Five members of our VAT and indirect taxes team have gained new customs qualifications in order to help businesses navigate post-Brexit trading arrangements. Liam Dushynsky, Ross…
From 1 October 2021, the temporary reduced rate of 5% introduced for supplies related to hospitality, accommodation, or admission to certain attractions ends. The VAT rate will instead switch to a further temporary rate of 12.5% that will apply from 1 October 2021 to 31 March 2022 inclusive. From 1 April 2022 it is stated that the reduced rate will cease to apply with all affected supplies reverting to the standard rate of VAT (20%).
Suppliers of catering services in restaurants will require some changes to EPOS / till settings on the day. However, those providing services that may involve advance payment, in full or in part and those whose supplies span the changes in rates will need to consider the VAT time of supply rules carefully.
The tax point defines the time of the supply and in-turn the VAT period in which any VAT becomes due to be included on the VAT return.
For services, the basic tax-point is when the services are performed – although for services that span more than one day it is when the services have been completed.
This basic tax point can be overridden when either payment is made in advance of the date of completion for the services or the issue of a VAT invoice – whichever happens earliest.
Using the example of a booking for a stay at a holiday park for £1800, VAT inclusive terms shown on terms and conditions / contract.
- Booking made by customer on 1 September 2021 for 7-night stay ending 20 April 2022.
- Deposit paid @ 30% (£540) on 1 September 2021
- Balance of £1260 due on 1 February 2022
- No tax invoice issued (not required as customer is not VAT registered)
In this scenario, a tax point is created on 1 September 2021 by the payment of a deposit. As this date is prior to 1 October 2021 it is subject to VAT at 5%.
A further tax point is created by the payment of the balance. As this date falls between 1 October 2021 and 31 March 2022, the VAT rate applicable is 12.5%.
If a VAT invoice had been issued for the full value of stay on 1 September 2021, the total invoice value would have been subject to VAT at 5%. It should be noted that the VAT thereon would become payable to HMRC on the VAT return covering the date of issue, so there may be implications to the business cashflow if guest payment is not required that covered the VAT element of the stay.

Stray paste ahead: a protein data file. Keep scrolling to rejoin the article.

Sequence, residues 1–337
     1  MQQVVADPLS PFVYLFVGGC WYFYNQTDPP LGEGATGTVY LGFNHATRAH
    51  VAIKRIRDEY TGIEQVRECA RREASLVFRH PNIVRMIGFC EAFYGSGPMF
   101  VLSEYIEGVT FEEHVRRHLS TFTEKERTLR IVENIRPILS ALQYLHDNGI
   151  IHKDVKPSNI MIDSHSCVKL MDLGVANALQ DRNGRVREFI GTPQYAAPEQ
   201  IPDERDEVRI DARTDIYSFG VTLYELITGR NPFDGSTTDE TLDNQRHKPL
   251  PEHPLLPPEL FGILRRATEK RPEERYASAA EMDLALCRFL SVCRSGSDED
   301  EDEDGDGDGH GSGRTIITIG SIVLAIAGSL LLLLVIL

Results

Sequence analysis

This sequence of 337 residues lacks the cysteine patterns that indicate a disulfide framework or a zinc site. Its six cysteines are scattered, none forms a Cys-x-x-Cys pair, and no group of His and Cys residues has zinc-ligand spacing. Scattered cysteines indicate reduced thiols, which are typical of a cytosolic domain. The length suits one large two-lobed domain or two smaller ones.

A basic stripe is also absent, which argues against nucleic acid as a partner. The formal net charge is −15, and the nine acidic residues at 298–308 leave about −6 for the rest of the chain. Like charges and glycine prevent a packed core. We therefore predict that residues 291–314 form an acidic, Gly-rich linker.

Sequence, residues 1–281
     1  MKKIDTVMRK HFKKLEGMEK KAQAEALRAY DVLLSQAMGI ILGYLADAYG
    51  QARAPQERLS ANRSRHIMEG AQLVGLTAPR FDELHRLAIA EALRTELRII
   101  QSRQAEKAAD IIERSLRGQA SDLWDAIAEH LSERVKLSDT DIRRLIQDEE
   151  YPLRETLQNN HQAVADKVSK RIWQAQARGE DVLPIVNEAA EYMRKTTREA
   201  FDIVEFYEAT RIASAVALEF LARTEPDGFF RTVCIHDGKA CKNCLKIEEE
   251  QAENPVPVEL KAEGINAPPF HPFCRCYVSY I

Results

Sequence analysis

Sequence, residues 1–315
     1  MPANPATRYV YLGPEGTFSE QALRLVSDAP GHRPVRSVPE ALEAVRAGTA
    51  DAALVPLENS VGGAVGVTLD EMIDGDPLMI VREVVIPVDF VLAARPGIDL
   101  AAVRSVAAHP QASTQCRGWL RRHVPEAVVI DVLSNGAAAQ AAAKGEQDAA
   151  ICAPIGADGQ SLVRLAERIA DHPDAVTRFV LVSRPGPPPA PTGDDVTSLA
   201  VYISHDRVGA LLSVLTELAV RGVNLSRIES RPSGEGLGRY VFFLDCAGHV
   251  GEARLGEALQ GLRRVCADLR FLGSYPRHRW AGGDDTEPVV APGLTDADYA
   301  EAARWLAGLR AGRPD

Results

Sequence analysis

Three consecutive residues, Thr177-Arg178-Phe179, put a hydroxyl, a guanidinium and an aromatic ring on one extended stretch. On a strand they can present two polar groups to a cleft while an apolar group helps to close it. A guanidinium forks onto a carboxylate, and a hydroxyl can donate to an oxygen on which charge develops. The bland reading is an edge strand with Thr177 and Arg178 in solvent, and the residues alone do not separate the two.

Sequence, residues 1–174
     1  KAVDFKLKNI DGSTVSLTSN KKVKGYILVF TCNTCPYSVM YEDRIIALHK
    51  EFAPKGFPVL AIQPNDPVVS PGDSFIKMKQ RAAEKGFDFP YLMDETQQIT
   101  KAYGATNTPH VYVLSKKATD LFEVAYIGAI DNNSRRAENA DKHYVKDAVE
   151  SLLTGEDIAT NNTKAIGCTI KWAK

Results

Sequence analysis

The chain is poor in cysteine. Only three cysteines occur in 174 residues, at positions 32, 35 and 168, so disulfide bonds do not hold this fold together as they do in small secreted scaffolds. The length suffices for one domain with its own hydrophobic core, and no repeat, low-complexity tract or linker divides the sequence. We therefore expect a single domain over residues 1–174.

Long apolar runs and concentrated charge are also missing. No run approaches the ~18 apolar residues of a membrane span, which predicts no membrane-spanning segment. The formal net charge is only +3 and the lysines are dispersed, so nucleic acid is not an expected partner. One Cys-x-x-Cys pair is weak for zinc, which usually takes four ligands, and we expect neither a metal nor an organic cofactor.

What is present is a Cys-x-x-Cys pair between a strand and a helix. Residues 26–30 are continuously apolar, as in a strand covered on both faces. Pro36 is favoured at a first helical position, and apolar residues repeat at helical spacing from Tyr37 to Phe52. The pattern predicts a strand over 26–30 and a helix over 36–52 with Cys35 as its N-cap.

This scenario shows that despite the booking dates falling after 1 April 2022, the reduced rates can still apply.
The reduced rates can also be applied when issuing a VAT invoice in advance of payment and the completion of the services, but care should be taken to ensure that the detailed VAT invoice requirements are met.
Traditionally, HMRC have taken steps to prevent any degree of tax planning when a VAT rate increase has been announced in advance of the change. On this occasion HMRC have chosen not to introduce any such ‘anti-forestalling’ legislation, however they indicated that they will address any aggressive planning, for example, the issue of a tax invoice on 1 September 2021 for a holiday booked for August 2023 simply to benefit from a reduced rate of VAT.
Businesses operating the cash accounting basis, where VAT is only due upon receipt of payment may need to operate an accruals basis alongside the cash accounting method for affected supplies.
Terms and conditions issued to customers should be reviewed to ensure that the VAT treatment is consistent with the contractual obligations.
There is the option for the Government to maintain the temporary reduced rates or even introduce a longer-term VAT rate applicable to the sector but there have been no such suggestions of this to date.
If you have any questions, please contact our team of VAT specialists.